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The New Blue Media: How Michael Moore, MoveOn.org, Jon Stewart and Company Are Transforming Progressive Politics Hardcover – May 13, 2008
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"Enlightenment Now: The Case for Reason, Science, Humanism, and Progress"
Is the world really falling apart? Is the ideal of progress obsolete? Cognitive scientist and public intellectual Steven Pinker urges us to step back from the gory headlines and prophecies of doom, and instead, follow the data: In seventy-five jaw-dropping graphs, Pinker shows that life, health, prosperity, safety, peace, knowledge, and happiness are on the rise. Learn more
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Hamm has an interesting story to tell. (Associated Press ) REVIEW: Hamm's passion for his work...will appeal to fans of Stewart, Colbert and Moore, and to those who aren't Bush fans. (Detroit Free Press ) REVIEW: Deft and thorough, [Hamm] doesn't hold back from criticizing the tactical errors the groups have made. (The Press-Enterprise ) REVIEW: Hamm's greatest task...is to provide historical context for a trend that has very little history. Hamm is up to the task (Time Out Chicago)
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He wrote in the Introduction to this 2008 book, "this study examines the growth and---for the most part---commercial success of self-consciously left and liberal political media creators during the Bush years. I have chosen to call this constellation of new outlets the New Blue Media... all of these new media creators are seeking to move the Democratic Party to the left... these new outlets have mounted a counterattack against the right-wing political media... the focus here is on the ways in which the new forms of liberal media have helped change the presentation and direction of contemporary progressive politics."
He notes that "it was not until the late Clinton-early Bush years, with the ascendance of the Onion and The Daily Show, that humor again formed part of the currency of progressive politics." (Pg. xi-xii) He adds that in "(Al) Franken, the right was now facing someone who proved that he was willing to take off the gloves and fight---with low blows, if he saw fit to do so. The commercial success of (Rush Limbaugh Is a Big Fat Idiot) further established that there was indeed a market ... for a new style of liberal politics." (Pg. 27)
Franken's "We're angry!" declaration on Air America "pointedly distinguished Air America from National Public Radio (NPR), which is officially required to be nonpartisan in order to maintain public funding." (Pg. 37-38) However, he notes that even when successful in gaining a foothold in the marketplace, "liberal commercial talk radio faces another problem: large advertisers steer clear of it." (Pg. 49)
Hamm suggests that, more than any other outlet, "The Daily Show best captures the sensibility of the New Blue Media." (Pg. 155) By contrast, The Colbert Report, by "Opting for satire over didacticism, but nonetheless still delivering a real message," was "far and away the most sophisticated critique mustered by the New Blue Media." (Pg. 190) The success of Keith Olbermann "is best explained by his ability to combine the styles of Michael Moore, Jon Stewart, and others in the New Blue media." (Pg. 198)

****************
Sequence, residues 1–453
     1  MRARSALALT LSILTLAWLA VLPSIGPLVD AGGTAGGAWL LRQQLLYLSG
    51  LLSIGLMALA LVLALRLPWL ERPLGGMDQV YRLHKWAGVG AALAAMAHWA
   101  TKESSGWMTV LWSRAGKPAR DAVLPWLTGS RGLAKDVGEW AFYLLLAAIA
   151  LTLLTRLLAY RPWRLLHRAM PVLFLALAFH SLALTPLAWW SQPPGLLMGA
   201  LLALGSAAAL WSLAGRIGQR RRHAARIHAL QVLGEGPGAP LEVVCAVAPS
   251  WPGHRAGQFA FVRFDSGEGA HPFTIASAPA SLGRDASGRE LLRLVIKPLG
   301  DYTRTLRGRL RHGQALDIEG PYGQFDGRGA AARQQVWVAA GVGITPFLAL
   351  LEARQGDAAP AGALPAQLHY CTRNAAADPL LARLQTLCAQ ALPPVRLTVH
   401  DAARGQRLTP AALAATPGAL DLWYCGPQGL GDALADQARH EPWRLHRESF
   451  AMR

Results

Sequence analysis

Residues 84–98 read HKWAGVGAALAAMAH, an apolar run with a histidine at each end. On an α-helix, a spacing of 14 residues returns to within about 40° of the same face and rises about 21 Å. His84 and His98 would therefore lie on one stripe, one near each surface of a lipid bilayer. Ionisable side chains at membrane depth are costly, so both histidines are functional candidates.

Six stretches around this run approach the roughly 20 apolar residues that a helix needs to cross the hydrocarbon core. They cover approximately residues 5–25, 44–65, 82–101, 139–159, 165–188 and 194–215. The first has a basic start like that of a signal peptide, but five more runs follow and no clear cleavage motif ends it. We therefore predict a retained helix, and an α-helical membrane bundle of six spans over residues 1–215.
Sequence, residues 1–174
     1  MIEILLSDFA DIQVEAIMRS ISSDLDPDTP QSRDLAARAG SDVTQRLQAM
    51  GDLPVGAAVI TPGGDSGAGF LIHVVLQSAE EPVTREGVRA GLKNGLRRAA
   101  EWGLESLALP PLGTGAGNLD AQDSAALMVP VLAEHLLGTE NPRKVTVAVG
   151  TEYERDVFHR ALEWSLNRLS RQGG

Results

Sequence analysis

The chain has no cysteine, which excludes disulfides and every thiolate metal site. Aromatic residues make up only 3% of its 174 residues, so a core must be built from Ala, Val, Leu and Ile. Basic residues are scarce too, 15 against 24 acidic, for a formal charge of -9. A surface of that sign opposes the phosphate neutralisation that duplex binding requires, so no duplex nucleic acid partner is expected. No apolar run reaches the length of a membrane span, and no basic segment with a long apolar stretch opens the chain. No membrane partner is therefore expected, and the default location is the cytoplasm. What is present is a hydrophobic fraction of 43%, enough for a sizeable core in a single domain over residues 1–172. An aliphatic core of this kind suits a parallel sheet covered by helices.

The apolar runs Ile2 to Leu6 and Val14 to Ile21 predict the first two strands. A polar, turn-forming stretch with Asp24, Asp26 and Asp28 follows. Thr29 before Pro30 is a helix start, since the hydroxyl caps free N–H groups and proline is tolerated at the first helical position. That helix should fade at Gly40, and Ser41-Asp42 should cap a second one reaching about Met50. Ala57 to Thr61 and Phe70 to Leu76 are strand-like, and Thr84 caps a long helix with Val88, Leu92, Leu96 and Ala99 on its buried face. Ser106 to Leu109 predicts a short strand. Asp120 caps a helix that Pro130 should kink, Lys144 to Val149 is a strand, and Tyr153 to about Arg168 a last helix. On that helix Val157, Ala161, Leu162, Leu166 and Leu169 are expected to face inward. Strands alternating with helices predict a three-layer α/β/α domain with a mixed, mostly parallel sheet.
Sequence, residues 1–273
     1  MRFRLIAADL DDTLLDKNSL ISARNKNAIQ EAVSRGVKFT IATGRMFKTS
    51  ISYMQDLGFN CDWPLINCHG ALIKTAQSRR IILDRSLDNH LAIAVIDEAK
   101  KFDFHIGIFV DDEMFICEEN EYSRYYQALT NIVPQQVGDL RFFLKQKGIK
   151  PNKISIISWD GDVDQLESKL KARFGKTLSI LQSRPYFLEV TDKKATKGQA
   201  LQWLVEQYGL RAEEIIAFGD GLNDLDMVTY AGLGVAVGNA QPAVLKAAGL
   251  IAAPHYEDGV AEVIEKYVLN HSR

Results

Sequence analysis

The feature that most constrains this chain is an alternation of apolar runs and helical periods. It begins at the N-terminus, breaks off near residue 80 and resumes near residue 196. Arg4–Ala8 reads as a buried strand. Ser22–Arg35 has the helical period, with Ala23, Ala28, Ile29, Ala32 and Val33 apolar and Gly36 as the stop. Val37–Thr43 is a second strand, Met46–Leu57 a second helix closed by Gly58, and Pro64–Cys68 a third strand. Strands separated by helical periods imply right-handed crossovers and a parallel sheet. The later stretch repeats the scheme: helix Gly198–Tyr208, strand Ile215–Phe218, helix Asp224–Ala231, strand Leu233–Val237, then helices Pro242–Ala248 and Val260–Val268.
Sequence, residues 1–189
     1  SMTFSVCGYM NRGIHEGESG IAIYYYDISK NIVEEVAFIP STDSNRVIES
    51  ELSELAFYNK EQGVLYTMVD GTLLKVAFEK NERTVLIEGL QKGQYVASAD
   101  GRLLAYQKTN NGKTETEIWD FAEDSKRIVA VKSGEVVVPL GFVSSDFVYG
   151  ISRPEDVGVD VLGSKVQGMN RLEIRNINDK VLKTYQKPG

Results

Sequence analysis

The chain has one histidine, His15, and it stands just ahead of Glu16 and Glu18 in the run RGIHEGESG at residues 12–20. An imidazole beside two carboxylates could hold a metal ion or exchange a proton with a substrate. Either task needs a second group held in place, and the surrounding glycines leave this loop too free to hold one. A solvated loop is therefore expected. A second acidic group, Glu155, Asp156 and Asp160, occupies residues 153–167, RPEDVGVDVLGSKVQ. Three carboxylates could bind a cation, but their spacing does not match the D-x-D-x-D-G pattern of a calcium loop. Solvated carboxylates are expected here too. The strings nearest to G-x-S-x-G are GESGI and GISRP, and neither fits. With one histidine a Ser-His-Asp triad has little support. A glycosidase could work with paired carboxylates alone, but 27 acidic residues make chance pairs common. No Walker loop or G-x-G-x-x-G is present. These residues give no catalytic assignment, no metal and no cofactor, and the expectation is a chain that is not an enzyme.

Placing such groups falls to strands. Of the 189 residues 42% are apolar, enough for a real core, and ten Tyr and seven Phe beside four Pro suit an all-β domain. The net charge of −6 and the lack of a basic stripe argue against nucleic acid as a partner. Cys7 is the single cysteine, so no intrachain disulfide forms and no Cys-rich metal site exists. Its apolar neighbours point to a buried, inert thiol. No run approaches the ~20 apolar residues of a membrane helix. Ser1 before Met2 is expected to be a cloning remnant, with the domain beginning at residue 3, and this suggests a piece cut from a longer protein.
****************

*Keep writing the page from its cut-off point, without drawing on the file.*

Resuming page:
This is an interesting survey of Michael Moore, MoveOn.org, Jon Stewart, Stephen Colbert, etc., and will be of interest to progressives as well as students of modern media.
Review by Richard L. Weaver II, Ph.D.
In 200 pages of text (the book is 240 pages long) and with 22 pages of notes, Hamm, editor of the Brooklyn Rail (an arts and political monthly) and associate professor of urban studies at Metropolitan College of New York, brings readers an incredibly interesting account (series of stories) about "a handful of media personalities, blogs, outlets, and politically based organizations--from The Onion to Jon Stewart to the Daily Kos." (From the front jacket) What he does is show where these "blue media" (Michael Moore, Bill Maher, Markos Moulitsas, Air America, MoveOn The Daily Show, The Colbert Report, as well as liberal blogs) came from and how they got so powerful. Hamm's writing is sharp (the front jacket describes it as acerbic), engaging, and irreverent. His command of facts as astounding, and his sense of humor is obvious and often demonstrated. As one reviewer noted, "fans of Bush and the Clintons won't like the book. Those coming of age in the era of Obama and Stephen Colbert will." Whether you are a professional, an academic, or a connoisseur of contemporary media, you will absolutely love this book for its sharp analysis, wit, and entertainment.
As Hamm appropriately describes the alternative media as blue, there is no doubt there is a liberal bias to much of the coverage. One can read about it in the tweaking satire of the Onion or watch on TV the serpent's tooth wit of The Daily Show with Jon Stewart and The Colbert Report. Even more instantaneous news coverage can be found on highly trafficked sites like MoveOn and the Daily Kos. On the big screen, Michael Moore has been enjoying commercial success with Fahrenheit 9/11 and Sicko, both polarizing documentaries exposing the moral ambiguity of the Washington politicos. What Hamm does so well in his book is coalesce these various outlets into a cohesive chronicle of the new progressive media starting with the individuals who managed to combine irreverent humor with shrewdly pointed observations - Moore, Stewart, Stephen Colbert, Bill Maher, Markos Moulitsas, Joan Blades and Wes Boyd of MoveOn. Most have become household names thanks to their innovative approaches, and Hamm makes their stories smart, entertaining reading.